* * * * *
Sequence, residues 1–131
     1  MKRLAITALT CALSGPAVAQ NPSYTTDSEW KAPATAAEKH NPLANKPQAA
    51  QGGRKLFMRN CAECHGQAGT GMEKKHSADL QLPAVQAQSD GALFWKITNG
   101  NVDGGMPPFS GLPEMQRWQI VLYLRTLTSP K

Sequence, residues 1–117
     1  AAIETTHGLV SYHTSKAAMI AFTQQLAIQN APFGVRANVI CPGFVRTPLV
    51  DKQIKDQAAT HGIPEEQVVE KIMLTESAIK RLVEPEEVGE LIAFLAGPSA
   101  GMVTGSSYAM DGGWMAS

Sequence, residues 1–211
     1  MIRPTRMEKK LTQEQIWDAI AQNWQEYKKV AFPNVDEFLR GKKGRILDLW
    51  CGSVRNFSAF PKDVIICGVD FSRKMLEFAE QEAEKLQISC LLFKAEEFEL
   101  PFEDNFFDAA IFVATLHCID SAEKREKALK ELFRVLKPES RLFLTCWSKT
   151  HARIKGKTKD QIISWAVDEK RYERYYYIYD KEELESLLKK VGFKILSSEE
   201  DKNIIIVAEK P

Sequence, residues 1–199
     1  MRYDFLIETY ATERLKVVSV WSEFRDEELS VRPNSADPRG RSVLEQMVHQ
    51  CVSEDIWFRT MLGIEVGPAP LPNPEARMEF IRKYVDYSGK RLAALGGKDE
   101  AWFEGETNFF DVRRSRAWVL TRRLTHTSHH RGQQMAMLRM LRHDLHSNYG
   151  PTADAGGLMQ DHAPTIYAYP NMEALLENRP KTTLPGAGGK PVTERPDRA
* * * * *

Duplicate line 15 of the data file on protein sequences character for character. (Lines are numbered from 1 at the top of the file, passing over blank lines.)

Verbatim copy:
Sequence, residues 1–199